Current Buddhist Year 2548.
Although one of the oldest religions, Buddhism is the
only religion in the world which is based on the science and without any
superstitions beliefs. Buddhism does not support the idea of God which
eliminates unnecessary misguiding procedures and rituals involved in
worshiping the God, particularly as practiced in India by large population. Buddhism is not strictly a
religion in the sense in which the world is commonly understood, for it is
not “a system of faith and worship” owing to allegiance to a supernatural
God. Buddhism does not demand blind
faith from its adherents. Hence mere belief is dethroned and for it is
substituted ‘confidence based on knowledge’. It is possible for a Buddhist to
entertain occasional doubts until he attains the first stage of sainthood
(Sotapanna) when all doubts about the Buddha, Dhamma and the Sangha are
completely resolved. One becomes a genuine follower of the Buddha only after
attaining this stage.
Buddhism is neither a metaphysical path nor a
ritualistic path. It is neither skeptical nor dogmatic. It is neither
eternalism nor nihilism. It is neither self-mortification nor
self-indulgence. It is neither pessimism nor optimism but realism. It is
neither absolutely this worldly nor other-worldly. It is nor extravert but
introvert. It is a unique path of enlightenment.
The original Pali term for Buddhism is Dhamma,
which, literally, means that which upholds or sustains. There is no proper
English equivalent that exactly conveys the meaning of the Pali Term Dhamma.
Buddhism expounds no dogmas that one must blindly
believe, no creeds that one must accept on good faith without reasoning, no
superstitious rites and ceremonies to be observed for formal entry into the
fold, no meaningless scarifies and penances for one’s purification.
Although originated in India, the Buddhism is being followed in many countries
in every continent of the world over last 2500 years. It is the religion
based on the Lord Buddha’s teaching. In the centuries following the Buddha's
lifetime, his followers faithfully preserved his teachings and spread it not
only throughout India, but also to many countries in Asia and lately even to
Europe and America. It offers every individual or society a voluntary way of
thought and conducts, based upon an analysis of conditioned existence,
dependent upon supreme human effort, and directed toward the realization of
freedom from sorrow in perfect existence.
Lord Buddha taught something from which people of
every background can benefit. The Buddha was the first most active missionary
in the world. He traveled from place to place for forty-five years preaching
his doctrine to the masses and the intelligentsia. Till his last breath, he
served humanity both by example and by precept. Buddha’s teaching is way of
life which has emphasis on leading happy and stress free life. The Lord Buddha said that everything that
“We encounter in life is the result of our own actions. Consequently, we can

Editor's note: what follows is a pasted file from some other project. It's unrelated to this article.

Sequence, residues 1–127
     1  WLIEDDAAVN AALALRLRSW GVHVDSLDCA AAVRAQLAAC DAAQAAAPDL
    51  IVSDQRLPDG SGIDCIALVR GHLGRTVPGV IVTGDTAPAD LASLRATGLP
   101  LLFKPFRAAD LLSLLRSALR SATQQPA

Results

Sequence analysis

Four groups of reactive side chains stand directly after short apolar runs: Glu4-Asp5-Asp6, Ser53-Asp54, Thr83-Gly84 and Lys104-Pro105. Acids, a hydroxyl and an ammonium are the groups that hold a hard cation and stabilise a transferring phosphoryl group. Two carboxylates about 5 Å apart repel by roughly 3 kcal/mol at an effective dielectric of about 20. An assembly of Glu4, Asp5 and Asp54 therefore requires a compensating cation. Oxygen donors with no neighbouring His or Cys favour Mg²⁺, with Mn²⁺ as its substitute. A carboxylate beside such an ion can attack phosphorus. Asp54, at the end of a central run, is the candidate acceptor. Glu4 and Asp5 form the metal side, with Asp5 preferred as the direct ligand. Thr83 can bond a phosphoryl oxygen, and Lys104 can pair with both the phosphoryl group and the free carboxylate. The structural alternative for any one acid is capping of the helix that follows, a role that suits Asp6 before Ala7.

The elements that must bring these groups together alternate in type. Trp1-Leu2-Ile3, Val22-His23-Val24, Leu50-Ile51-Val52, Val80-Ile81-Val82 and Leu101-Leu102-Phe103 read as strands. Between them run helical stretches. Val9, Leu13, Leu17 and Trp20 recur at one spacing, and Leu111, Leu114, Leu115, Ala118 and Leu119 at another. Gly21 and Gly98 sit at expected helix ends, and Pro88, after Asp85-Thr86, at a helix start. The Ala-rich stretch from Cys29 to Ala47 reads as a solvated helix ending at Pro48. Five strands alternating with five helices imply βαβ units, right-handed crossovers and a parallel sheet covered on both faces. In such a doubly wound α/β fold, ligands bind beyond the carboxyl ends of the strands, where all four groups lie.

each become master of our fate by becoming master of our actions. Each of us
is responsible for the action that gives rise to our suffering. Each of us
has the means to end the suffering in our actions”. Lord Buddha said “You are
your own master; You make your own future”. Buddhism is a path to practice
and spiritual development leading to Insight into the true nature of life.
Buddhist practices such as meditation are means of changing oneself in order
to develop the qualities of awareness, kindness, and wisdom. The experience
developed within the Buddhist tradition over thousands of years has created
an incomparable resource for all those who wish to follow a path - a path
which ultimately culminates in Enlightenment or Buddhahood. The teaching of
Buddha is based on the three trainings viz. Sila (Morality, purity of vocal
and physical actions), Samadhi (Concentration, control of one’s mind) and
Pradhnya or Panna (Wisdom, insight which totally purifies the mind). Because
Buddhism does not include the idea of worshipping a God, some people do not
see it as a religion in the normal, Western sense. The basic tenets of
Buddhist teaching are straightforward and practical: nothing is fixed or
permanent; actions have consequences; change is possible. Thus Buddhism
addresses itself to all people irrespective of race, nationality, or gender.
It teaches practical methods (such as meditation) which enable people to
realize and utilize its teachings in order to transform their experience, to
be fully responsible for their lives and to develop the qualities of Wisdom
There are around 350 million Buddhists in the
world and a growing number of them are Westerners. They follow many different
forms of Buddhism, but all traditions are characterized by non-violence, lack
of dogma, tolerance of differences, and, usually, by the practice of meditation
There is ample literature available on Buddhism in
the forms of books / e-books and on the websites dedicated to Buddhism. Our
aim is to give a brief introduction on the Buddhism so that one can develop
interest in understanding Buddhism and then one can pursue her / his study
further by going into detail by reading books and discussion with the
scholars on Buddhism in their respective countries.
We have referred many books
and literature available on Buddhism while finalizing the text of this website.
However the majority of the material presented here is based on the Books
viz. 1) The Buddha and His Dhamma by Dr. Babasaheb Ambedkar published in 1956
and 2) The Buddha and His Teaching by Narada published by Buddhist Missionary
Society, Malaysia, Edition 1988.